107. Recent financial developments have brought to the fore several issues that carry implications for the health of the financial sector. First, there is close scrutiny of the business strategies of banks and financial institutions which are based on the model of 'originate and distribute'. Second, issues relating to securitisation are being debated in the context of incentive structures that provide for economising on capital requirements and enhancement of off-balance sheet exposures relative to considerations of financial soundness. Third, recent events have also underscored the need for enhanced market transparency relating to disclosures of off-balance sheet exposures, particularly with regard to liquidity commitments to conduits, valuations regarding structured credit products and the like. Fourth, the apparent inadequacy of financial institutions' capital cushions has been exposed. In this context, the role of sovereign wealth funds as providers of capital is being carefully assessed by supervisory authorities across the world. Fifth, the sharp repricing of risk that began in the middle of 2007 has raised issues relating to the marking to market of portfolios of financial institutions and attendant issues relating to capital provision. Sixth, there are concerns that existing risk pricing and management tools and techniques employed in banks and financial institutions are inadequate in relation to the evolving risks. Seventh, there is a progressive blurring of the boundaries between liquidity and solvency stress in situations of generalised uncertainty and loss of confidence among financial entities. Eighth, the role of structured investment vehicles (SIVs), the potential liquidity demands that could crystallise on balance sheets and the degree of leverage embedded in the global financial system has been largely underestimated with implications for the soundness and efficiency of the financial sector. Ninth, the functioning of the credit rating agencies and excessive reliance of institutional investors on the ratings are under scrutiny.

108. Against this backdrop, several measures have been suggested for mitigating the impact and improving the global financial system. According to the Institute of International Finance (IIF), banks should commit themselves to follow best practices in a number of areas where the financial crisis has revealed weaknesses. ‘Best practice’ should not imply legal obligations but high standards for entities to develop their own tailor-made solutions. The proposals made by the Financial Stability Forum (FSF) [a forum of select senior representatives of national financial authorities _ including central banks, supervisory authorities and treasury departments _ international financial institutions, international regulatory and supervisory groupings and committees of central bank experts] and ratified in early April 2008 by the G-7 to be implemented over the next 100 days are comprehensive and cover full and prompt disclosure of risk exposures, write downs and fair value estimates for complex and illiquid instruments; urgent action by setters of accounting standards and other relevant standard setters to improve accounting and disclosure standards for off-balance sheet or entities and to enhance guidance on fair value accounting, particularly on valuing financial instruments in periods of stress; strengthening of risk management practices, supported by supervisors' oversight, including rigorous stress testing; and strengthening of capital positions as needed. In addition, proposals made by the FSF for implementation by end-2008 include: strengthening prudential oversight of capital, liquidity, and risk management under Basel II, especially for complex structured credit instruments and off-balance sheet vehicles; enhancing transparency and valuation for off-balance sheet entities, securitisation exposures, and liquidity commitments under the Basel Committee's guidance; enhancing due diligence in the use of ratings; adherence by credit rating agencies to the revised code of conduct of the International Organisation of Securities Commissions (IOSCO); strengthening the authorities' responsiveness to risk through cooperation and exchange of information so as to act swiftly to investigate and penalise fraud, market abuse, and manipulation; implementing robust arrangements for dealing with stress in the financial system such as liquidity support from the central banks; and, strengthening arrangements for dealing with weak and failing banks, domestically and cross border. It may be noted that the International Monetary and Financial Committee (IMFC) has welcomed the above policy recommendation of FSF [The IMFC is a Committee of select Board of Governors of the IMF of which the Finance Minister, Shri P. Chidambaram is a member].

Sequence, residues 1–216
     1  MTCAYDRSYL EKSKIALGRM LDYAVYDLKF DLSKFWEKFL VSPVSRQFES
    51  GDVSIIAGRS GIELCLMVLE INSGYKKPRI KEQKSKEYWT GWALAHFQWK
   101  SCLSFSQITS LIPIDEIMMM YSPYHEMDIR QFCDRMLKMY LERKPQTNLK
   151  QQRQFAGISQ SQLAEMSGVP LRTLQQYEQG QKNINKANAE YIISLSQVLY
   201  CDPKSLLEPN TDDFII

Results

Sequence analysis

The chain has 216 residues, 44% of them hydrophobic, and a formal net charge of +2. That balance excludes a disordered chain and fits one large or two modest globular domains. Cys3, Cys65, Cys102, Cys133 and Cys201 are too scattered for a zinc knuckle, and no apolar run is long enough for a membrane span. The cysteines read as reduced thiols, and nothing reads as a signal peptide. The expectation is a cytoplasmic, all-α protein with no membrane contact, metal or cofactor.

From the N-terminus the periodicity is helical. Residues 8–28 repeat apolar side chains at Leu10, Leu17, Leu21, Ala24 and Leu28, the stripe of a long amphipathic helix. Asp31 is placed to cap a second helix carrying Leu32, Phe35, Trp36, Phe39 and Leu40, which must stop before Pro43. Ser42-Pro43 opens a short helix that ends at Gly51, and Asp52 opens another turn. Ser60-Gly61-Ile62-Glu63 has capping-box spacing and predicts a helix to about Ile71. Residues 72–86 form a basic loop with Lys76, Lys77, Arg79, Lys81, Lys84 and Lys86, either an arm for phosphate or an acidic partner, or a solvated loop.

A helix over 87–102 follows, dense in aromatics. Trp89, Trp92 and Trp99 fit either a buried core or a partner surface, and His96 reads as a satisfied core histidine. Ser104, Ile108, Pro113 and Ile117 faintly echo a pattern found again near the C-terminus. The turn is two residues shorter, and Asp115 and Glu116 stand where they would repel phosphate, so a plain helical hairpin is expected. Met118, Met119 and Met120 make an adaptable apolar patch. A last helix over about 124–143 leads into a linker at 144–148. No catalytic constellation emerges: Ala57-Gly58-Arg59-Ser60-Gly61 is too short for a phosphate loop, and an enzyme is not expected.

109. In the light of the current macroeconomic environment and global developments as discussed in Part I of the Statement, the Annual Statement on Developmental and Regulatory Policies focuses on certain key areas: new financial instruments, carrying forward development of various segments of financial markets and strengthening financial market infrastructure; developing a safe, secure and integrated real time payment and settlement system; further liberalisation of foreign exchange transactions; cross-border supervision, risk-based supervision and bank-led financial conglomerates; strengthening the supervisory framework as appropriate to evolving requirements; enhancing public confidence and consolidation in urban cooperative banks (UCBs) and regional rural banks (RRBs); improved credit delivery mechanisms and conducive credit culture, customer service and financial inclusion.